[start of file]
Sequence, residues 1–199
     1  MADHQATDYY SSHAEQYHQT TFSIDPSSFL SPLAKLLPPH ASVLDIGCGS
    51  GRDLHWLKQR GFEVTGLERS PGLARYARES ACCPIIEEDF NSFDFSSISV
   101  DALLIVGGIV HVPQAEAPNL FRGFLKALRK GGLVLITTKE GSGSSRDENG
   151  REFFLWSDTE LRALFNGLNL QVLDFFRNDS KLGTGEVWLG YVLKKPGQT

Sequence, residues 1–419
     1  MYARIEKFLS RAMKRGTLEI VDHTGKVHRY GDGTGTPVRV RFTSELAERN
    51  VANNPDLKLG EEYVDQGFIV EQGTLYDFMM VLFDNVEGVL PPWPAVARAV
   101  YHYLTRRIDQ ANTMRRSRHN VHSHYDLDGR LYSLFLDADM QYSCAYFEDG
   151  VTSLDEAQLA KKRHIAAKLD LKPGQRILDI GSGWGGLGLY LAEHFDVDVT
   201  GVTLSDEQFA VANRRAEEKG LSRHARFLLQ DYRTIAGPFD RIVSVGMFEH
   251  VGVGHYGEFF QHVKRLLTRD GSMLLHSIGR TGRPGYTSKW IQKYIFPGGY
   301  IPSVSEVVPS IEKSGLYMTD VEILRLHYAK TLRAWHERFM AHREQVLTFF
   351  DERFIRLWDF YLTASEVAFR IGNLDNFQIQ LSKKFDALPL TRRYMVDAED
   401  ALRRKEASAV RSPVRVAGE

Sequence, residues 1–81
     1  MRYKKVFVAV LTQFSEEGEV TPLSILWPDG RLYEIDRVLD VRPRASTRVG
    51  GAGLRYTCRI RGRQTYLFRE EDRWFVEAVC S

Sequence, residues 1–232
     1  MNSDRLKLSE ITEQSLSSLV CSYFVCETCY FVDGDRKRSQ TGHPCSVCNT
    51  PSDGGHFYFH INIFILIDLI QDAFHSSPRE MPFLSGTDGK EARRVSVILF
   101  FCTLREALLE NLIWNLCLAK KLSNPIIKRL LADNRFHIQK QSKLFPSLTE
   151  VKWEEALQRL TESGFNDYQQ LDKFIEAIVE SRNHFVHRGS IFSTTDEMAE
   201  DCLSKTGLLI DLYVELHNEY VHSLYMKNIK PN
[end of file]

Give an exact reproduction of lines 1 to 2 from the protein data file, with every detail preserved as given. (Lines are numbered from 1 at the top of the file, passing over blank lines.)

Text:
Sequence, residues 1–199
     1  MADHQATDYY SSHAEQYHQT TFSIDPSSFL SPLAKLLPPH ASVLDIGCGS